The aim of this thesis is to provide an infrastructure for general recursive function definitions in a proof assistant based on higher-order logic (HOL) that has no native support for recursion or pattern matching.
In the first part we develop a tool that automates recursive function definitions and provides appropriate proof rules for them. Compared to previous work, our package supports the definition of partial functions, modeling the domain of the function by an inductive domain predicate. An automatically-generated partial induction rule makes partial correctness proofs independent from termination proofs. This modularity considerably facilitates termination arguments for nested recursions.
The second part addresses the problem of automatically solving the termination proof obligations that arise from function definitions. Methods from the literature can be applied, but require significant adaptation to the specific needs of our setting: They must produce full formal proofs and work relative to a rich interactive theory. Our approach encompasses a rule-based selection of measure functions, a simple control-flow analysis inspired by the dependency-pairs approach, and a modified version of the size-change principle based on certificates. A formalization of the full size-change principle is also provided.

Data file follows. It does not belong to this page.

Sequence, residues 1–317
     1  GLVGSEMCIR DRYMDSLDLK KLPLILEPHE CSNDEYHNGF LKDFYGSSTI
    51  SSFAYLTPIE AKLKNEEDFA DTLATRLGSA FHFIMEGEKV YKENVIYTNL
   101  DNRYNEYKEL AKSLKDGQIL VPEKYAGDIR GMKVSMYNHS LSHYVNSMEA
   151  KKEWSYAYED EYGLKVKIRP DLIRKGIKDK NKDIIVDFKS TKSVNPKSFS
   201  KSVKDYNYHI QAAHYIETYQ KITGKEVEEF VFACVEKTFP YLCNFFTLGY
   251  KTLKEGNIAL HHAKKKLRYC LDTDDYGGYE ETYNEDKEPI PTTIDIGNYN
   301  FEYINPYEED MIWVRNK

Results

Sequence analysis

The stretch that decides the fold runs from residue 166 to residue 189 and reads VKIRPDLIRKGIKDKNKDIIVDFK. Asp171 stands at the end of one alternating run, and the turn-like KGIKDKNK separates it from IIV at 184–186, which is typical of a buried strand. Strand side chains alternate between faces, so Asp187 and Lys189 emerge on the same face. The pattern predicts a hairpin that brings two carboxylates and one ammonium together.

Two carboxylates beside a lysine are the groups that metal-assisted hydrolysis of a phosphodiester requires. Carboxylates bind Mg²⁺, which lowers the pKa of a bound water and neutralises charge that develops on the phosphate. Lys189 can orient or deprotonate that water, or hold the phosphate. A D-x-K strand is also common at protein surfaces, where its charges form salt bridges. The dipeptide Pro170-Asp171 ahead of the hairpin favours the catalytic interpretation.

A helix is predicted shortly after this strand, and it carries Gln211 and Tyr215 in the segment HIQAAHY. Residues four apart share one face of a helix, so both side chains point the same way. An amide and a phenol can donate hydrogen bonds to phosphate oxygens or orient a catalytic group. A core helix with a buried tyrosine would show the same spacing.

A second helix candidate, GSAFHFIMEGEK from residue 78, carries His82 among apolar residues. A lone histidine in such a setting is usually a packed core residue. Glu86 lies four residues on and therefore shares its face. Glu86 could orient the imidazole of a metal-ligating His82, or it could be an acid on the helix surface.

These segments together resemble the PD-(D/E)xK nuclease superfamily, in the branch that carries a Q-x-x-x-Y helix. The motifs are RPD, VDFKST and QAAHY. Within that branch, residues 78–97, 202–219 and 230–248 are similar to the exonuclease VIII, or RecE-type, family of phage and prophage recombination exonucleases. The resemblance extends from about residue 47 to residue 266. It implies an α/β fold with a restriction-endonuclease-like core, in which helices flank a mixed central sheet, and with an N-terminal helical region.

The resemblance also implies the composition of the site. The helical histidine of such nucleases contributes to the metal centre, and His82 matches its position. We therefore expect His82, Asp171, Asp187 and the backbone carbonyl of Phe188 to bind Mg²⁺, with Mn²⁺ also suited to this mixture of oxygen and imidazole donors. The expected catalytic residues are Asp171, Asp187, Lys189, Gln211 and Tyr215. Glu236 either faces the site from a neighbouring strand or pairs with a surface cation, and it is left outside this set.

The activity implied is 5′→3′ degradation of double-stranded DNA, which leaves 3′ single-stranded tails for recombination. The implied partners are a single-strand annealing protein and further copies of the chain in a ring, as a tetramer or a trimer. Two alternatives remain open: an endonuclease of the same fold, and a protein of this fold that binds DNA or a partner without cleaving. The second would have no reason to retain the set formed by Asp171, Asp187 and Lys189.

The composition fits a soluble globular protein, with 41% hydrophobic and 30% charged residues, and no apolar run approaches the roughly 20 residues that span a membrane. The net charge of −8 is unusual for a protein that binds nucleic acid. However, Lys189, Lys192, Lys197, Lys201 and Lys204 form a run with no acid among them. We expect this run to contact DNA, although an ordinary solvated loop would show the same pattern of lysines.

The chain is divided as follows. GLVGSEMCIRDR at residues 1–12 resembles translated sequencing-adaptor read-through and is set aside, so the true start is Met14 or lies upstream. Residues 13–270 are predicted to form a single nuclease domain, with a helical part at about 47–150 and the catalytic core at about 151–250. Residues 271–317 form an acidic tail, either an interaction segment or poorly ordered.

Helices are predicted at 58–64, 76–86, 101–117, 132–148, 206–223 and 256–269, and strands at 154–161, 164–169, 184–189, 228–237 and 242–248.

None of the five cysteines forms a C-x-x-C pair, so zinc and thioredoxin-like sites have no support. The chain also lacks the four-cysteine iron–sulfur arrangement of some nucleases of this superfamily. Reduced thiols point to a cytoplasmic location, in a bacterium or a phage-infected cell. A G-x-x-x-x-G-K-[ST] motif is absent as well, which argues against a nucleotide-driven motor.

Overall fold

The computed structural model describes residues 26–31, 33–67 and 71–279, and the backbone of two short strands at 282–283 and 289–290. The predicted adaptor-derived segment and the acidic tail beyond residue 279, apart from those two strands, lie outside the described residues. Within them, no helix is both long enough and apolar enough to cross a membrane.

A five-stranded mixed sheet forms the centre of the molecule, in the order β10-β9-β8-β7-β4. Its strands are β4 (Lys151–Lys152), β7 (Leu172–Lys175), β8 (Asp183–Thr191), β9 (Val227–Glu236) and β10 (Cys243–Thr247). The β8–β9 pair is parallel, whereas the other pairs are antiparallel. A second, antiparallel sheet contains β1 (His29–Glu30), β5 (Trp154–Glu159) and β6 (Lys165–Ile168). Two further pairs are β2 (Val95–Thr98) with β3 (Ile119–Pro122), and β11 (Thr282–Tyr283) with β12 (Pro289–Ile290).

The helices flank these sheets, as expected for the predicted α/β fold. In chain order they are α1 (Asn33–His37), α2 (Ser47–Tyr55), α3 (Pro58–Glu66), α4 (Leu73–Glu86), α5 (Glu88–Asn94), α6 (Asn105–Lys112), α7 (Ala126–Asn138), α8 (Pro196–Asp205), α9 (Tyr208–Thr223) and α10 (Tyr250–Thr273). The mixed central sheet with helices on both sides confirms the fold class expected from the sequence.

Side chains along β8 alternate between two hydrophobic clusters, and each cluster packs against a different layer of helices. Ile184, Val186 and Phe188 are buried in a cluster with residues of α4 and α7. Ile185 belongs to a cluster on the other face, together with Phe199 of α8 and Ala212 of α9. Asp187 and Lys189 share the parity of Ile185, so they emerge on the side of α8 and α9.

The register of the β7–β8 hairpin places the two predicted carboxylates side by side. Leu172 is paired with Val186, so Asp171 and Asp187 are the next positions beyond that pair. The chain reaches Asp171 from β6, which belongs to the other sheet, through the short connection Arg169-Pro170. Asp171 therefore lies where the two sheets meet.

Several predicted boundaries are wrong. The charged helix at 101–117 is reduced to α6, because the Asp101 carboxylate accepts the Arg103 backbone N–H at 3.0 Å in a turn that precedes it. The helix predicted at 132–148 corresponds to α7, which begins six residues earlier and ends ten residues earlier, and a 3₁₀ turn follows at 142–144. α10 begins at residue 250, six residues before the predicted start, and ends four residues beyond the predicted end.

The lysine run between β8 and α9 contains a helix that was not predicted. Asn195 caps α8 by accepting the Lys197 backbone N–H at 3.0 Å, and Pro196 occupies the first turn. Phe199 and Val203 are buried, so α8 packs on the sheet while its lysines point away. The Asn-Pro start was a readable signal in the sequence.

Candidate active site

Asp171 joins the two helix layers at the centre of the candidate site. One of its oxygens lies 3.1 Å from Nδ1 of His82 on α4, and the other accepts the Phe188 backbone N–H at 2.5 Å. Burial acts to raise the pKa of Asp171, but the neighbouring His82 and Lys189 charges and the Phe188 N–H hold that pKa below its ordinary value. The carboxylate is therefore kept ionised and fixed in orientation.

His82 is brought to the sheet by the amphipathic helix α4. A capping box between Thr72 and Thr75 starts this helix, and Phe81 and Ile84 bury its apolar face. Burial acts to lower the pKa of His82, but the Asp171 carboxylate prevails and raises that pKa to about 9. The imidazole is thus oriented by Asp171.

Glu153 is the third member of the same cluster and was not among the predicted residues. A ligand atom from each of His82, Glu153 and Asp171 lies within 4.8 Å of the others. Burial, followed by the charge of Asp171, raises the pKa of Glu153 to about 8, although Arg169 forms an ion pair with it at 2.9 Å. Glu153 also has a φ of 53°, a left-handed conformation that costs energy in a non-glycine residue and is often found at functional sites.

In the third part we discuss how pattern matching, which occurs frequently in functional programming, can be supported in HOL function definitions. We present a very general form of pattern matching, where arbitrary expressions can serve as patterns. We show how such patterns can be encoded using a custom matching combinator and how their consistency can be expressed in proof obligations.
We also study the problem of transforming ML-style sequential pattern matching into minimal sets of independent equations, such that they are consistent in HOL. We relate the problem to the minimization problem for propositional DNF formulas and show that it is $\Sigma_2^P$-complete. We then develop a concrete algorithm that computes minimal patterns.
As another application of the new set of tools, we show how user-specified induction schemes can be generated from simpler properties, which often makes their proofs fully automatic.